{{header | title = From intuitionistic to classical | subtitle = propositional logic | left = | right = | shortcut = | notes = Adding the Interface:Law of the excluded middle to Interface:Basic intuitionistic propositional logic gives classical propositional logic. }} {{interfaces | imports = Interface:Basic intuitionistic propositional logic<br /> Interface:Law of the excluded middle | exports = Interface:Principia Mathematica propositional logic theorems }}

Instead of proving the axioms of classical propositional logic (for example, Interface:Standard axioms of propositional logic), we prove the Interface:Principia Mathematica propositional logic theorems. This is for two reasons. The first is to show that all the connectives, not just those mentioned in the axioms, have the same meanings (this could alternately be achieved by including all the definitions in the interface with the axioms, as in Interface:Principia Mathematica propositional logic). The second is to present an alternative proof of the Interface:Principia Mathematica propositional logic theorems. In some cases the way we prove the theorems is very similar, but in others it is quite different. The proofs in Principia Mathematica propositional logic rely heavily on the relationships between the connectives (especially implication and disjunction), and the proofs via intuitionistic logic rely more heavily on theorems such as disjunction composition and conjunction composition.

We define some variables:

## Transposition elimination

### Transposition for the biconditional

To prove this biconditional transposition law, we write the biconditional on the left and right side as a pair of implications, and then apply transposition to each of them.

The following version is similar, but with the negation placed differently. The proof is similar, but is based on different variants of transposition for implications.

It will also be convenient to have a commuted version of this theorem.

## DeMorgan's laws

One of DeMorgan's laws holds (in both directions) intuitionistically.

• (↔ (¬ (∨ p q)) (∧ (¬ p) (¬ q))) (DeMorganPDP)

Double negation elimination turns that one into the other three which distribute negation across disjunction.

• (↔ (¬ (∨ p (¬ q))) (∧ (¬ p) q)) (DeMorganPDN)
• (↔ (¬ (∨ (¬ p) q)) (∧ p (¬ q))) (DeMorganNDP)
• (↔ (¬ (∨ (¬ p) (¬ q))) (∧ p q)) (DeMorganNDN)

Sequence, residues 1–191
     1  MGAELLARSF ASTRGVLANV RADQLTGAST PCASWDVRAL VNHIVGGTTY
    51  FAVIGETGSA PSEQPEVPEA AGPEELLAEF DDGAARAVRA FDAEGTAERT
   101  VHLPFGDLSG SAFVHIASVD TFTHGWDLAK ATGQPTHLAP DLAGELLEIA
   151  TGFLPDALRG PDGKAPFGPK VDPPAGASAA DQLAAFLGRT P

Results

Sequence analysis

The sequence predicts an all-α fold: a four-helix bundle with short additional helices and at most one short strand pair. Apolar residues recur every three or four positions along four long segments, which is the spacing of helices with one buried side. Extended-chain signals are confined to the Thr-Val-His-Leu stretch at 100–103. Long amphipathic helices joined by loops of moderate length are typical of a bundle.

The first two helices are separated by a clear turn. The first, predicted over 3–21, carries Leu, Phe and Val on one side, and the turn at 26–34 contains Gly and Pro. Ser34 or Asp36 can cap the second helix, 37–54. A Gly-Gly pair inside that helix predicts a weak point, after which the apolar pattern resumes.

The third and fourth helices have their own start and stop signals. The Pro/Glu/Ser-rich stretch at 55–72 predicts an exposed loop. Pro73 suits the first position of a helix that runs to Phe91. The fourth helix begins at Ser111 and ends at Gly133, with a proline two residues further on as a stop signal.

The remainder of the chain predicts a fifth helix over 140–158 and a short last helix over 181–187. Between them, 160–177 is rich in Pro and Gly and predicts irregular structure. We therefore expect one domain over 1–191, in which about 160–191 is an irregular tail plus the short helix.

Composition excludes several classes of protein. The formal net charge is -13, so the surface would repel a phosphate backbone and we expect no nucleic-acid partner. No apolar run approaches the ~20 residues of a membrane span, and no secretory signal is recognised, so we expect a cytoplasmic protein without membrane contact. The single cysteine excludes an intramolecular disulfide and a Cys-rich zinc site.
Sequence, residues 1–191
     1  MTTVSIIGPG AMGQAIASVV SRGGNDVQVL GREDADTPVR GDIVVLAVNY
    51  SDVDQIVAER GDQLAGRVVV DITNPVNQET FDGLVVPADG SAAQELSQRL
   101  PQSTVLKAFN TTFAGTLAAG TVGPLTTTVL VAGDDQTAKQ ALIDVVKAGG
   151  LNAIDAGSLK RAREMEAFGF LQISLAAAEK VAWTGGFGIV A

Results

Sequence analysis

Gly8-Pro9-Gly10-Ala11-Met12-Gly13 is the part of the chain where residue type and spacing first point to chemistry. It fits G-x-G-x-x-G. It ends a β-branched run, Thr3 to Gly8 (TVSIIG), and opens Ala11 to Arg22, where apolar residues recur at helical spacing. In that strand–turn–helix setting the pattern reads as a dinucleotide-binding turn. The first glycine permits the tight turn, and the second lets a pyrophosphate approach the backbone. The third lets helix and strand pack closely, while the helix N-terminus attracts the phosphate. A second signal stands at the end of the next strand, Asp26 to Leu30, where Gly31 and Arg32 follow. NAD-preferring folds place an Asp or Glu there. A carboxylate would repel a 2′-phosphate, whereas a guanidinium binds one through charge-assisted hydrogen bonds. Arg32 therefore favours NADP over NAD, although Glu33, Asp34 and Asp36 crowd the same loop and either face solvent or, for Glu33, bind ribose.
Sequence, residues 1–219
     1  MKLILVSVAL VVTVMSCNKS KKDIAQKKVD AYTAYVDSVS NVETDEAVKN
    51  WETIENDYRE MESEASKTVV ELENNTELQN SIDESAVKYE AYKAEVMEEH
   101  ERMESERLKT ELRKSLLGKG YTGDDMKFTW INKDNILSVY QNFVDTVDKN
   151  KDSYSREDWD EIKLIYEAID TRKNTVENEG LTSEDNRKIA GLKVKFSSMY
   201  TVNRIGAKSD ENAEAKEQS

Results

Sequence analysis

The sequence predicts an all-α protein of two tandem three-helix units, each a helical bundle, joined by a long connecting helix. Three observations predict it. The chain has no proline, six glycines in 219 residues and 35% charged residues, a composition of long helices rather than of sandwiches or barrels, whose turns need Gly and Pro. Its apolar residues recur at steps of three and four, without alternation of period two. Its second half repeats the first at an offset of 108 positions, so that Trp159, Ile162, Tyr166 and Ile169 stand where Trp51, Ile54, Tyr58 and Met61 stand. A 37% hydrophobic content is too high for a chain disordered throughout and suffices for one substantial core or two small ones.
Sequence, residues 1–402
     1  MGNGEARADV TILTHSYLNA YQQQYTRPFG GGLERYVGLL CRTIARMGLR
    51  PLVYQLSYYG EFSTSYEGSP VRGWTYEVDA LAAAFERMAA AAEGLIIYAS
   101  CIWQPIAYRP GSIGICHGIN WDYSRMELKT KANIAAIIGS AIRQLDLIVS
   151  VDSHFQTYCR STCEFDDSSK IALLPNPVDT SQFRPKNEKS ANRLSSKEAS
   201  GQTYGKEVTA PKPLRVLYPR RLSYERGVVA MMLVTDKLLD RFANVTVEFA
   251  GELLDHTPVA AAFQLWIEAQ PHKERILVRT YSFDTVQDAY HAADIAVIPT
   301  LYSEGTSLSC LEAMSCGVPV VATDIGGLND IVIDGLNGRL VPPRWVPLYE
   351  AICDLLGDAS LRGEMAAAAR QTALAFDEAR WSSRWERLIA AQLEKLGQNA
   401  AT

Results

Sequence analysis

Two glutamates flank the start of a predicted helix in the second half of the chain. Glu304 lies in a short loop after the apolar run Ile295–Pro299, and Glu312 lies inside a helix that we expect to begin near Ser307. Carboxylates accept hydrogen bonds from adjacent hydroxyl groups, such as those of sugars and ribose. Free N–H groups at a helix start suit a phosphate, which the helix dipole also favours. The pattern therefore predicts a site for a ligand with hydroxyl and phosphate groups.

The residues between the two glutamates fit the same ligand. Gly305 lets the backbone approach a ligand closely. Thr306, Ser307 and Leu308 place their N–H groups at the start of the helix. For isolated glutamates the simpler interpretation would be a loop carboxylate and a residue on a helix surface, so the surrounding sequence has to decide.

The versions which distribute negation across a conjunction follow from the above versions and transposition.

• (↔ (¬ (∧ p q)) (∨ (¬ p) (¬ q))) (DeMorganPCP)
• (↔ (¬ (∧ p (¬ q))) (∨ (¬ p) q)) (DeMorganPCN)
• (↔ (¬ (∧ (¬ p) q)) (∨ p (¬ q))) (DeMorganNCP)
• (↔ (¬ (∧ (¬ p) (¬ q))) (∨ p q)) (DeMorganNCN)

We supply those rules which do not hold intuitionistically.

## Tautology

The intention of this theorem is similar to the intuitionistic TautologyId, but it is stated in terms of the law of the excluded middle.

## Relationships between connectives

### Implication and disjunction

Intuitionistic logic does have one equivalence relating disjunction to implication, ¬ (p ∨ q) ↔ ¬ (¬ p → q). That and transposition gets us one of the classical equivalences,

Although the treatment of propositional logic in Whitehead and Russell's ''Principia'' relies heavily on this relationship between implication and disjunction, we rely on it only for a handful of theorems.

### Biconditional as the disjunction of two equivalence classes

This theorem, (p ↔ q) ↔ (p ∧ q) ∨ (¬ p ∧ ¬ q), can be thought of saying that the biconditional is true if and only if both formulas are true or neither is true. We prove it from BiconditionalConjunction by applying the distributive law several times.

The first lemma is ¬ p ∨ q ↔ (p ∨ ¬ p) ∧ (q ∨ ¬ p), which consists of the notion that we can add or remove a conjunct which is a theorem (p ∨ ¬ p), and a commutation.

## Case elimination

Because of the classical relationship between disjunction and implication, case elimination follows readily from disjunctive case elimination.

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